The latest version of the eMac, part of Apple's effort to instill brand loyalty among educators and school children, features both internal component upgrades as well as a lower price tag. The education market has long been a stronghold for Apple, though other companies have been making inroads.
"(The eMac) is a very important system for us, as it remains our most popular desktop for schools and homes with children," said Greg Joswiak, Apple's vice president of hardware product marketing. "We think that it's a great fit for kids, and we continue to add functionality that we believe makes it an affordable, easy-to-use, digital hub for all sorts of activities."
The new model, a revamp of Apple's top-end eMac, is the first of the line to offer the company's 8x SuperDrive DVD recorder/CD burner, and it features a 1.25GHz processor, a step up from Apple's previous 1GHz machines. The upgraded eMac features 333MHz DDR memory, faster graphics and USB 2.0 ports. The computers will retail for $999, representing a drop of $100 off Apple's current pricing for its most powerful eMacs. The company will continue to offer a $799 version of the desktop with a smaller hard drive and no SuperDrive.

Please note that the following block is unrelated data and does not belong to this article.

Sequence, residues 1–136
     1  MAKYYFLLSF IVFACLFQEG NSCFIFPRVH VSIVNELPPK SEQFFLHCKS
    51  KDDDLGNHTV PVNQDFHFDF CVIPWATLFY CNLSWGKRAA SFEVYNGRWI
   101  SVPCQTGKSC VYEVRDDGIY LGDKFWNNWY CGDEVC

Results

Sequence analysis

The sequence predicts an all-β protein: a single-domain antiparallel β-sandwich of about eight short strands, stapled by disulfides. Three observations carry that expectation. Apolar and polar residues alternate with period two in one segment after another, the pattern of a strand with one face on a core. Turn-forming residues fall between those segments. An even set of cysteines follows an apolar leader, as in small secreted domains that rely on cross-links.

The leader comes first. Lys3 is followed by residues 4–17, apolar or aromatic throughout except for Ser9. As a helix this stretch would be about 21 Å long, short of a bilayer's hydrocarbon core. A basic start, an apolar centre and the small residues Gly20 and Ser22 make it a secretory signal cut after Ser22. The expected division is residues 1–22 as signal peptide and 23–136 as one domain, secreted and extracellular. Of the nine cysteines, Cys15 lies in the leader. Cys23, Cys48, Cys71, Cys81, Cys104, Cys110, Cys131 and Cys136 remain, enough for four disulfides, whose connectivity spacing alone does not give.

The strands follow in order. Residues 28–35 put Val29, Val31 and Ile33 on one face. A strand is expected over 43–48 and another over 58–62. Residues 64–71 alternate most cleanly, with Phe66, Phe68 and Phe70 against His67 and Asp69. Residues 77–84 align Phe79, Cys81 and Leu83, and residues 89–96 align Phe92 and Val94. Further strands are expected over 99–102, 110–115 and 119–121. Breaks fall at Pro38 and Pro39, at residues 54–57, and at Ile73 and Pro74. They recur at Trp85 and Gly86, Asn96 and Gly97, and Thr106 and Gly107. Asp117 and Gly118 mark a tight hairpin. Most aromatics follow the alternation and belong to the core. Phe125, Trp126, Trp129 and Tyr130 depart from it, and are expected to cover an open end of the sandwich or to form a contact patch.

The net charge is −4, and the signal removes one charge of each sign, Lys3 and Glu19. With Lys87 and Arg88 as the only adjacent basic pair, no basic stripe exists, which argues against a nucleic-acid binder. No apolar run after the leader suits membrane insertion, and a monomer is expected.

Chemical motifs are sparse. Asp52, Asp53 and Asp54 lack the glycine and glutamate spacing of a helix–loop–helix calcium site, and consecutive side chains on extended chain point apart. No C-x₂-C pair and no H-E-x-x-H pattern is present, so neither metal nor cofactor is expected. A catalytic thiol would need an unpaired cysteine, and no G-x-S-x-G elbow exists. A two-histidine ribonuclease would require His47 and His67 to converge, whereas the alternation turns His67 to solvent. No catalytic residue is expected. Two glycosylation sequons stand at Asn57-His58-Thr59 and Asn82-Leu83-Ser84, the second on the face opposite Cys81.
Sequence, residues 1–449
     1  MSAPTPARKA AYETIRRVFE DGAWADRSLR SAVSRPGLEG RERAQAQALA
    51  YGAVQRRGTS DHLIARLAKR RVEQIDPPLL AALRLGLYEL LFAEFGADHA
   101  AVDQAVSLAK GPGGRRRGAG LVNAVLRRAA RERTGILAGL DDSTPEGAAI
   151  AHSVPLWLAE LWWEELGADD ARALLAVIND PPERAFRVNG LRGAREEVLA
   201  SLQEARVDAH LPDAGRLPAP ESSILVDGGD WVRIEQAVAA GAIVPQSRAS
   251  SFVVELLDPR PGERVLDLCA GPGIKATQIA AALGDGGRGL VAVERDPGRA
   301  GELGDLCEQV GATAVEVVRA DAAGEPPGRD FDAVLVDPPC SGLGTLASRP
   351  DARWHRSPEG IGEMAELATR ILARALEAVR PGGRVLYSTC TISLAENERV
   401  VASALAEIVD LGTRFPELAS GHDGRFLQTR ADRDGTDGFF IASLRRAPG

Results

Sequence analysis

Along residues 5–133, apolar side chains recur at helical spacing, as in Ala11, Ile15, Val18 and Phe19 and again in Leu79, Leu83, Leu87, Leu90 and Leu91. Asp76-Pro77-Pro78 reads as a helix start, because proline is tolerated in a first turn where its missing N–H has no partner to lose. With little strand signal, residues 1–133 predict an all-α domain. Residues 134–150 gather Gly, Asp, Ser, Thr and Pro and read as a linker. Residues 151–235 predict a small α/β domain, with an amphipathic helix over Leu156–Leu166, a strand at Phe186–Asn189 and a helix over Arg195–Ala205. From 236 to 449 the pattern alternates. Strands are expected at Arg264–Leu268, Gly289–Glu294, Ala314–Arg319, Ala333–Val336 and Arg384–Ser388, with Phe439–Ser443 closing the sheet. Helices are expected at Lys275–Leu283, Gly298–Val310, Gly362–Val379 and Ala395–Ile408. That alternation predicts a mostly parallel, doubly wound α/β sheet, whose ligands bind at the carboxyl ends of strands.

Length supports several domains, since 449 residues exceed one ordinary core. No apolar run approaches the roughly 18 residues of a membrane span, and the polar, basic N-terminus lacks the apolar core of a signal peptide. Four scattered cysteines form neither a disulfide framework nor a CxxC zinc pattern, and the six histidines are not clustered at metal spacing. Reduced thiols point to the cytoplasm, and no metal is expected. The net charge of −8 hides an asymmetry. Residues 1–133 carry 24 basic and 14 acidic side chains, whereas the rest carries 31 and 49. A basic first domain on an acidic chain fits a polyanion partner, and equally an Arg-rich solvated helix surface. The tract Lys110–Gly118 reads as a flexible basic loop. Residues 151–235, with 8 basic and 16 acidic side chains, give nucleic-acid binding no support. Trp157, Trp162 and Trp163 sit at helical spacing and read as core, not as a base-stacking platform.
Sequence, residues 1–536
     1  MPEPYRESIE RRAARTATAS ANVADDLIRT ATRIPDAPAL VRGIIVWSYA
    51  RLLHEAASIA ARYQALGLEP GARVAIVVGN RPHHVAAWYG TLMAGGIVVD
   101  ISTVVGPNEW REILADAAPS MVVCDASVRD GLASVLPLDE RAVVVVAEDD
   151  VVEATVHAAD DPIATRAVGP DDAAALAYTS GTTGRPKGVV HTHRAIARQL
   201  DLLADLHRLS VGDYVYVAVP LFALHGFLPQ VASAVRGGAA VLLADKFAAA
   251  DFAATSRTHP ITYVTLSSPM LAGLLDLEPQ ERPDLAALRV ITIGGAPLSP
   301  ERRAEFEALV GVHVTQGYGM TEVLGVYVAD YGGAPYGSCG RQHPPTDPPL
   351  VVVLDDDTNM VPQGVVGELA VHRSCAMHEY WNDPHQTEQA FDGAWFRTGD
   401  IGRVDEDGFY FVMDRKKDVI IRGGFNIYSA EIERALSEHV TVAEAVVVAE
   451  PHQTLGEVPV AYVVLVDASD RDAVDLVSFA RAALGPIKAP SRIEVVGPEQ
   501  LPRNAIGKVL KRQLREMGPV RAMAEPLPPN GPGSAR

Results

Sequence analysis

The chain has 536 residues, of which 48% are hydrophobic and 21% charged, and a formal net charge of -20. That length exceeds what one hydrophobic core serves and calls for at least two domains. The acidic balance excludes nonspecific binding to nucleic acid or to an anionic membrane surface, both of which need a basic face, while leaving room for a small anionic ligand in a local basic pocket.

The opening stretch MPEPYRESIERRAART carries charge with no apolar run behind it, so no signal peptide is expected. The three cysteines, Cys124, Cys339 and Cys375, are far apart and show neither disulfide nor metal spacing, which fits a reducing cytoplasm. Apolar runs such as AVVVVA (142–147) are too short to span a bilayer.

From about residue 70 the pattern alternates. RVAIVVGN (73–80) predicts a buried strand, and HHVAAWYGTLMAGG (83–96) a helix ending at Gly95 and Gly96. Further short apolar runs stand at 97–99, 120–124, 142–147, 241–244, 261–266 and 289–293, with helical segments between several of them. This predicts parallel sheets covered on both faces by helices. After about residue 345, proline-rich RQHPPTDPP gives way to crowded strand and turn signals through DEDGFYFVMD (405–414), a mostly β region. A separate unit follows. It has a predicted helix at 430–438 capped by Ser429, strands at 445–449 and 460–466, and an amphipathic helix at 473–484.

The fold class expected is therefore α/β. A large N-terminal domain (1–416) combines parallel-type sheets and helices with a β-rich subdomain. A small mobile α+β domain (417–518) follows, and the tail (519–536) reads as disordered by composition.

Cupertino, Calif.-based Apple also began offering an optional internal Bluetooth module, a built-in antenna and a card slot to support wireless networking for new eMacs. Other options include 1GB of RAM, as well as 80GB and 160GB hard drives. The computers come with Apple's latest operating system, dubbed Panther, and offer additional applications aimed at helping users create, view and listen to movies and music files.